Question: Can you get specs after LASIK?

Can you get glasses again after LASIK?

Most patients may not need to wear glasses again except for certain tasks like driving at night, mainly as a safety precaution. Some patients may need to undergo re-treatment for fine-tuning or enhancement. Re-treatments are usually done only after 3 months once the eye has healed after the LASIK surgery.

Why is my vision getting worse after LASIK?

One of the biggest causes of vision changes after laser eye surgery is presbyopia. This is an age-related condition that occurs as the lens in the eye stiffens and hardens. This makes it more difficult for the eye to focus on items that are up close.

Is LASIK surgery a permanent fix?

How Permanent Is LASIK? “LASIK surgery is permanent, with a few exceptions,” ophthalmologist and Manhattan Eye director Yuna Rapoport, MD, tells WebMD Connect to Care. “There is a chance that the prescription and correction can regress, and the vision regresses slightly back to what it was before.

Is LASIK really worth?

LASIK surgery has a good track record. Complications that result in a loss of vision are rare, and most people are satisfied with the results. Certain side effects, particularly dry eyes and temporary visual disturbances (such as glare), are fairly common.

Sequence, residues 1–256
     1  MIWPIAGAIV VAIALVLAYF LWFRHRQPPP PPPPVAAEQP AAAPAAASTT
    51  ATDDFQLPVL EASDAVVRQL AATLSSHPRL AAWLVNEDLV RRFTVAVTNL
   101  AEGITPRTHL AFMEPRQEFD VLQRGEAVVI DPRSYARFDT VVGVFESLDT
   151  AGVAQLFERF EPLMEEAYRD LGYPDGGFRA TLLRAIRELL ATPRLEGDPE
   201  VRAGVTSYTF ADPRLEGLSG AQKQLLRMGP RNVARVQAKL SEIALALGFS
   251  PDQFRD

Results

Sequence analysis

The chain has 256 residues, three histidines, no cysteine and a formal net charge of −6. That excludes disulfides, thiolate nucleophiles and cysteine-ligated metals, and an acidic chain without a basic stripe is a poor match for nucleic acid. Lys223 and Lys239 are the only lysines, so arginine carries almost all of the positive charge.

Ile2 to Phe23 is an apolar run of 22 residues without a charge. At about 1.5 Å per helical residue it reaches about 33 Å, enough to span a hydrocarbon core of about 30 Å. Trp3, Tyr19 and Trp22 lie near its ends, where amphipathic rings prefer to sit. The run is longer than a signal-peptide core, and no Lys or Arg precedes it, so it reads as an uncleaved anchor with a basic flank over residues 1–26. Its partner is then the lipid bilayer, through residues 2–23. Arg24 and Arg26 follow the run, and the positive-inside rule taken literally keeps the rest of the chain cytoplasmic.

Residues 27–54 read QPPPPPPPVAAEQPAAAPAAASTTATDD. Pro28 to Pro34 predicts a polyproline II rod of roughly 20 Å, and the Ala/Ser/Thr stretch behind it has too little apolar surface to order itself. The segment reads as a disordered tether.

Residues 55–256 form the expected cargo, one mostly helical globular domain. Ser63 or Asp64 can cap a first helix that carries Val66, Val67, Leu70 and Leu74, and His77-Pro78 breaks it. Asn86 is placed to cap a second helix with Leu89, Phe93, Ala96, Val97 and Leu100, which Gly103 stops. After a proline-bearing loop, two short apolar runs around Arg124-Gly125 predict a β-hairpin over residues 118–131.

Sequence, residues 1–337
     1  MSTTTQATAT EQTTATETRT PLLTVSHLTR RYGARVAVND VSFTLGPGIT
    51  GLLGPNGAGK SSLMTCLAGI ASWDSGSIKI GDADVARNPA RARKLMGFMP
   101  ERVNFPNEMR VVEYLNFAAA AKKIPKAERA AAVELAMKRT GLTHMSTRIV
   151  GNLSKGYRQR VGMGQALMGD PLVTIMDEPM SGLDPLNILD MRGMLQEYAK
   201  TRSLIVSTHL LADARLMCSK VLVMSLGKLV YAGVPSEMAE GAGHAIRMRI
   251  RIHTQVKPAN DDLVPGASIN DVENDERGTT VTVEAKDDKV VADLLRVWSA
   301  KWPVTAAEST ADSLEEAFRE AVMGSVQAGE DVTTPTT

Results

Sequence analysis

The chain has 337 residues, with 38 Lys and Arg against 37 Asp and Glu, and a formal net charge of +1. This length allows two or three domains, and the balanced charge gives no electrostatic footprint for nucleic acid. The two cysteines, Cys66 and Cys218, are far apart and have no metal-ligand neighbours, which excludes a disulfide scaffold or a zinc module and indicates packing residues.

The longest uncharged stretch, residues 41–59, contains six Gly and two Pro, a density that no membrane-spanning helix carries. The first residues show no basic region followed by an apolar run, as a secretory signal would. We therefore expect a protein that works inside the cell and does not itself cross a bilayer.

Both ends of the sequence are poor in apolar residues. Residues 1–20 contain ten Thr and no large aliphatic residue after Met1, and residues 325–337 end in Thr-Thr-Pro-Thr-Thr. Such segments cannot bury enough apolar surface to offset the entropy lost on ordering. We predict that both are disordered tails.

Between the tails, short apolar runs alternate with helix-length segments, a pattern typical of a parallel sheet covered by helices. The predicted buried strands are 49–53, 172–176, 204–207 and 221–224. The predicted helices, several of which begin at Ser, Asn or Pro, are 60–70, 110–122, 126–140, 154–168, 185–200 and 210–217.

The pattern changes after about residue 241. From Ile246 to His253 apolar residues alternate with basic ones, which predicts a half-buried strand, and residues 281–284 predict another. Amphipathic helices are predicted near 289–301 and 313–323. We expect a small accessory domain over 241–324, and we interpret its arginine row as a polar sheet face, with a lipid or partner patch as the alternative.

How often does LASIK go wrong?

The LASIK complication rate is only about 0.3%. The most commonly reported LASIK complications are infection or dry eye that persists for more than six months. Other complications include: Undercorrections occur when the laser removes too little tissue.

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Is it OK to cry after LASIK?

It’s okay to cry after LASIK. Whether your eyes are watery or you happen to cry for an emotional reason, natural tears won’t harm the corneal flaps or hinder the healing process. Crying can actually help keep your eyes lubricated.

How much does LASIK cost?

On average, LASIK costs range between $2,000 to $3,000 per eye and is not covered by insurance because the procedure is deemed cosmetic or elective. LASIK (laser-assisted in situ keratomileusis) is a popular eye surgery that corrects vision in people who are farsighted, nearsighted, or have astigmatism.